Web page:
In case you may not have heard, British broadcaster and former Newsnight presenter Jeremy Paxman gave a lecture and book signing of his bestselling book, Empire, Wednesday afternoon on Highfield campus.
The book in question was chosen for 2014 as part of the University of Southampton’s new initiative ‘One Book, One Southampton’ to engage the student community through reading. I was lucky enough to attend the book signing that took place in the Lattes cafe in Building 32, which was positively buzzing with students and Southampton staff. The queue was packed with Paxman admirers all grasping onto a copy of his book Empire: What Ruling The World Did To The British, which studies the history of (you guessed it) the British Empire and the leading figures that shaped it.
My luck peaked tremendously after waiting for what seemed an eternity in a tiny queue for those who didn’t quite make the ticket sale but hallelujah – we made the cut! I mean ‘wow, a lecture with Jeremy Paxman’ I kept thinking, the thought whirling round my head like a dog chasing its tail. But if you cannot appreciate the privilege of being lectured by a man who has had a distinguished career in journalism, has travelled vastly around the world and interviewed a myriad of political figures, cultural personas and influential characters, then I must sympathise a tad or two.
The lecture itself, I care to mention, was an excellent talk that opened the mind to a course of incredible, thought provoking facts and notions surrounding the moulding of the British Empire and its mind-boggling history. Paxman, educated at St. Catharine’s College, Cambridge, question master of University Challenge and something of a journalistic icon, shared his knowledge of the Empire and all its trials and tribulations; from the playboy aristocracy that built it to the various wars that resulted from countries under Britain’s Imperial rule.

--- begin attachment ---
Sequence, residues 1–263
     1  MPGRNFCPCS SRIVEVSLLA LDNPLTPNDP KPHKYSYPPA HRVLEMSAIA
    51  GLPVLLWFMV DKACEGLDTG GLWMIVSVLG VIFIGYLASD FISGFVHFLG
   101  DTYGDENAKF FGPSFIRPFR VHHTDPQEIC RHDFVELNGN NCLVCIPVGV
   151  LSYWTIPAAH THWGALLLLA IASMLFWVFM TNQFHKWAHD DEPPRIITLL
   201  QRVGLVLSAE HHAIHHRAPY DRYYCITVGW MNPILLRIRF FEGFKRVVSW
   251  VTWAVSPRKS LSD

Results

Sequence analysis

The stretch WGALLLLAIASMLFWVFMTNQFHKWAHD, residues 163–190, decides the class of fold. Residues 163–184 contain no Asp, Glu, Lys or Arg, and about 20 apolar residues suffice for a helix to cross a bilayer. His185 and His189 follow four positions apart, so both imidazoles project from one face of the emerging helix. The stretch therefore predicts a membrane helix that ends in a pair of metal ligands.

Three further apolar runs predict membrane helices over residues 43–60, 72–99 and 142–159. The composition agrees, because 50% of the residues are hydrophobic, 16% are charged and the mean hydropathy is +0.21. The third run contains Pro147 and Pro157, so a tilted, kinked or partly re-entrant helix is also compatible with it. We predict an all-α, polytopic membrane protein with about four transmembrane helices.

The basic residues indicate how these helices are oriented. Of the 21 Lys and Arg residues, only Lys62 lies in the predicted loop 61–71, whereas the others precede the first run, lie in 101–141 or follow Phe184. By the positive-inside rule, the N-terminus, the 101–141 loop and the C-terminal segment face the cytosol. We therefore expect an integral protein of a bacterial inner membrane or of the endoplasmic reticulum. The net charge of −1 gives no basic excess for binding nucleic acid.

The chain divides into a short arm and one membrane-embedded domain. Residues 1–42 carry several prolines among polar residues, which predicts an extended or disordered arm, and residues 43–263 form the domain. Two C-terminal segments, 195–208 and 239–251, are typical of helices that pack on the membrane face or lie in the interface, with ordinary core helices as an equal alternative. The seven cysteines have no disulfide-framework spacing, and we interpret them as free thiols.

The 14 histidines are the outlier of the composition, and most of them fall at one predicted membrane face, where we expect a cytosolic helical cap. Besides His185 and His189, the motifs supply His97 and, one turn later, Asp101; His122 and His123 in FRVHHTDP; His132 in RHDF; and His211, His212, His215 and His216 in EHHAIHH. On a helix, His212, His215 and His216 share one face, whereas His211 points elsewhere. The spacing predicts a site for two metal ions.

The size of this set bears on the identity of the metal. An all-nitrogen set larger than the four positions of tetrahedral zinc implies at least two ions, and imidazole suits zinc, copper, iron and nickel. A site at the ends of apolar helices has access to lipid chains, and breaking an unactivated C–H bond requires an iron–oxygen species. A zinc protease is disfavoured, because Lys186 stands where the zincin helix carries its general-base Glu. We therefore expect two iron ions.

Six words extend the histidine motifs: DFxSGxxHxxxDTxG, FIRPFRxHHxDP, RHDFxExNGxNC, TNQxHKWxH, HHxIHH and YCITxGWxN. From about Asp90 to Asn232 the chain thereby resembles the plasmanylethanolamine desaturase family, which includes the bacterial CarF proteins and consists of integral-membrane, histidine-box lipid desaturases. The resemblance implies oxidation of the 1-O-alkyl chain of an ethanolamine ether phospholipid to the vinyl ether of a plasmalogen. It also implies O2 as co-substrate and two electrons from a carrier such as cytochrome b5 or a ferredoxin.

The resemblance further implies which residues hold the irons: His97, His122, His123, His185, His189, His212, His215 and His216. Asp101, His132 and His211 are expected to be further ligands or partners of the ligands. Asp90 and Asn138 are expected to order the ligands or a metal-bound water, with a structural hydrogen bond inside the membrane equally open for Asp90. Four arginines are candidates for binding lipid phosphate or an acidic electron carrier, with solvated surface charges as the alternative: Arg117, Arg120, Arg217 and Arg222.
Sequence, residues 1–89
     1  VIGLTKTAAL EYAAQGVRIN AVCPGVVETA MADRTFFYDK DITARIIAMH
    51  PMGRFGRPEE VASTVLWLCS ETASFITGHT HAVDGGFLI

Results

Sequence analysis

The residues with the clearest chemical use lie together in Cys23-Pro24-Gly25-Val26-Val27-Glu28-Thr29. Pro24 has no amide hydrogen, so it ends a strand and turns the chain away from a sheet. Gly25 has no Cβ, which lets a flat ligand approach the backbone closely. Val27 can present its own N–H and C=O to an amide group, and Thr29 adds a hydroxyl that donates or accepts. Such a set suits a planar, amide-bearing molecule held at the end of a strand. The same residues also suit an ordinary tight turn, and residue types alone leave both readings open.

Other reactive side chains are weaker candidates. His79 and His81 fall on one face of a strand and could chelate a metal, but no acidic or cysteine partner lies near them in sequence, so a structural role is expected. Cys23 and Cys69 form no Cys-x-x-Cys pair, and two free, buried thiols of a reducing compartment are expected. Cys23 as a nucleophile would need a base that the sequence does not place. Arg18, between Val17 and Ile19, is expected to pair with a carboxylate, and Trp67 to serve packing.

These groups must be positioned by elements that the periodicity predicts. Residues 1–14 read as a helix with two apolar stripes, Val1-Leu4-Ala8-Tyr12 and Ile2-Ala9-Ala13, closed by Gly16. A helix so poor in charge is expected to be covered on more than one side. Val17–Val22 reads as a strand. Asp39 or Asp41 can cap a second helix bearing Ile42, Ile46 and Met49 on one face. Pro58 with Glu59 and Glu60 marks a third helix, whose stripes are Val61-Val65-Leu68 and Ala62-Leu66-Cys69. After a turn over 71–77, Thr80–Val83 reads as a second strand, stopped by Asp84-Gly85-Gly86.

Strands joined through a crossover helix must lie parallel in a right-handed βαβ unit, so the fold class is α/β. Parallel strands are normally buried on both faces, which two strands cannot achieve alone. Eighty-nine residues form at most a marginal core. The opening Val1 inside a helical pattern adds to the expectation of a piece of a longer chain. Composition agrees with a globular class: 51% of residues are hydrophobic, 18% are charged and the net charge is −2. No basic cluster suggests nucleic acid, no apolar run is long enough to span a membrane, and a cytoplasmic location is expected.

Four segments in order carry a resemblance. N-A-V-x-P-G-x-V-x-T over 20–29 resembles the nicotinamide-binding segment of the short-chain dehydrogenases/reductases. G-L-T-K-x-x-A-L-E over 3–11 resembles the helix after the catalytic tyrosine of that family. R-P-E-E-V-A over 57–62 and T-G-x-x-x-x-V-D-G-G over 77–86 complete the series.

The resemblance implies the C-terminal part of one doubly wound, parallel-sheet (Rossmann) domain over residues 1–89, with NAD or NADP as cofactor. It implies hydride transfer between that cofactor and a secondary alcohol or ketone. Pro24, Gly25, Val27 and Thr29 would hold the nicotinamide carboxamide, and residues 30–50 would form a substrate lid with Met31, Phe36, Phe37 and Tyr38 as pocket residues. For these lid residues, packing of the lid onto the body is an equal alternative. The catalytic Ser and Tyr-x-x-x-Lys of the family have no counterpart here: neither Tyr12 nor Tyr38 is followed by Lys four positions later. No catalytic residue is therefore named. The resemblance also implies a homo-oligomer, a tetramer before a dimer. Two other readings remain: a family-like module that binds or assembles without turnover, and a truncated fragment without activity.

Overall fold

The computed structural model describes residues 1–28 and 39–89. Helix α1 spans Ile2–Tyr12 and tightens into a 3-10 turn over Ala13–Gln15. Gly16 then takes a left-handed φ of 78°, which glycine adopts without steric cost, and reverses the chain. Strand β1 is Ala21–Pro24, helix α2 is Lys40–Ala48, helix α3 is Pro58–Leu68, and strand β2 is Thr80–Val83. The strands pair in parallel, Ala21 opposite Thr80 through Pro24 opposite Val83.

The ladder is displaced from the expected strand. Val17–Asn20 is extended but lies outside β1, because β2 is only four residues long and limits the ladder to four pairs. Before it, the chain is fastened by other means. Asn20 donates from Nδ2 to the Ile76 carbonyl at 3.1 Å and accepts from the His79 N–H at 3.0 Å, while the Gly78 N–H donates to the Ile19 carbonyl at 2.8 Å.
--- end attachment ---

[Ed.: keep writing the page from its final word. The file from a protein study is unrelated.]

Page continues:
The lecture ended with questions from the audience, one of whom demanded which of Paxman’s interviewees was considered his favourite. Paxman paused for a moment and, after stating whether or not he actually had a ‘favourite interview’, he considered the Dalai Lama to be one of the most inspiring and amusing interviews he had ever taken.
Jeremy told a small anecdote of how the Dalai Lama had brought with him a small purple canvas bag, whom the latter referred to as his ‘bag of treasures’. After the interview, as Paxman was speaking with his producer, the Dalai Lama peered his head around the door stating that he had lost his ‘bag of treasures’ and wondered if they could offer him assistance in retrieving it. Paxman found it hiding underneath the table in the studio where the interview had taken place, and the Dalai Lama was so delighted he insisted Paxman have one of his ‘treasures’.
And what was it? A glorious, luxurious sweet wrapped in gold. That’s right, it was a classic Werther’s Original. I don’t think you can go one better than that.